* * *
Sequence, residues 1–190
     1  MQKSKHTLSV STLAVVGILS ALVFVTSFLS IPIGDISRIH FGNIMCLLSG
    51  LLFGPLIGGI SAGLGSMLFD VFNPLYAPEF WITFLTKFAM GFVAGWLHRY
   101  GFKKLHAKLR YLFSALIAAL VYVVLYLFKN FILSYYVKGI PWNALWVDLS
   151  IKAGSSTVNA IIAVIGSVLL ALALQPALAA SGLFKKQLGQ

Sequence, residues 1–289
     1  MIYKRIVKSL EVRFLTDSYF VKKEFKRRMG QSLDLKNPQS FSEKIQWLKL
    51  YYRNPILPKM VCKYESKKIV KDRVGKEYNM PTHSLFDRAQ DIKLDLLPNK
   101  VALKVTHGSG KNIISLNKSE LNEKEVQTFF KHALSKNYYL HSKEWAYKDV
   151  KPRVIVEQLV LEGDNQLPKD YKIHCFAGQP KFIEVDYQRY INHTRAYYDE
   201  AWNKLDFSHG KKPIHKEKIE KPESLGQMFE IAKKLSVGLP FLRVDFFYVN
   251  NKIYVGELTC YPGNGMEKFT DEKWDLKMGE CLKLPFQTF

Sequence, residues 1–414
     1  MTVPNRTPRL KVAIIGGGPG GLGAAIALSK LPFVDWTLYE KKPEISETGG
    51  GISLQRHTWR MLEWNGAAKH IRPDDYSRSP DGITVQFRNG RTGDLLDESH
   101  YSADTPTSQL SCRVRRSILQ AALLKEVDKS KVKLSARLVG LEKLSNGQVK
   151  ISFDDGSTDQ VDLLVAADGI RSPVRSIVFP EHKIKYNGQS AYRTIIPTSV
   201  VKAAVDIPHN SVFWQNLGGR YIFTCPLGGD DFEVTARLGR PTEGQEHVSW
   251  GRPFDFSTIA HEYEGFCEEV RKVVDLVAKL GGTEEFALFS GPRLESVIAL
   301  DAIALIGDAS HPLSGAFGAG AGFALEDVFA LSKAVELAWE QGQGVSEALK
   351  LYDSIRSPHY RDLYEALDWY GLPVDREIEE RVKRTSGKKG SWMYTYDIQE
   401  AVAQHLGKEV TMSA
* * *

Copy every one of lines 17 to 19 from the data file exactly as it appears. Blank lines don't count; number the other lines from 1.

   151  ISFDDGSTDQ VDLLVAADGI RSPVRSIVFP EHKIKYNGQS AYRTIIPTSV
   201  VKAAVDIPHN SVFWQNLGGR YIFTCPLGGD DFEVTARLGR PTEGQEHVSW
   251  GRPFDFSTIA HEYEGFCEEV RKVVDLVAKL GGTEEFALFS GPRLESVIAL